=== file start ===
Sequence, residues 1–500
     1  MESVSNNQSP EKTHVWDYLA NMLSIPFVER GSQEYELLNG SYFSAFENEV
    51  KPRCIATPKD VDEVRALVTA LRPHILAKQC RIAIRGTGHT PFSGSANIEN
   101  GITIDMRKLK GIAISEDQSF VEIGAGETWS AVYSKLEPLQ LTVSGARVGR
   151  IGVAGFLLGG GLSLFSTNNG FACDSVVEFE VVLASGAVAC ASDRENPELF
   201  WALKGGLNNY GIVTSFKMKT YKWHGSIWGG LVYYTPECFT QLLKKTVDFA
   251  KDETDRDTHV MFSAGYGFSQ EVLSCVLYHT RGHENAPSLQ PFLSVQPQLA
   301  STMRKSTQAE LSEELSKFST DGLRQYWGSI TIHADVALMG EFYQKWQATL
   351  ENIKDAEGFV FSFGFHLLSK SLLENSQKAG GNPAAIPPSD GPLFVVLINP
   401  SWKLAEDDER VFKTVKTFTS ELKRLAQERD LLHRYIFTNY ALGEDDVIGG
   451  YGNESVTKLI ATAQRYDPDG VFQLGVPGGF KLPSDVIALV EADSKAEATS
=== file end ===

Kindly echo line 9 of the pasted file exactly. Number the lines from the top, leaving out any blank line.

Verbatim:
   351  ENIKDAEGFV FSFGFHLLSK SLLENSQKAG GNPAAIPPSD GPLFVVLINP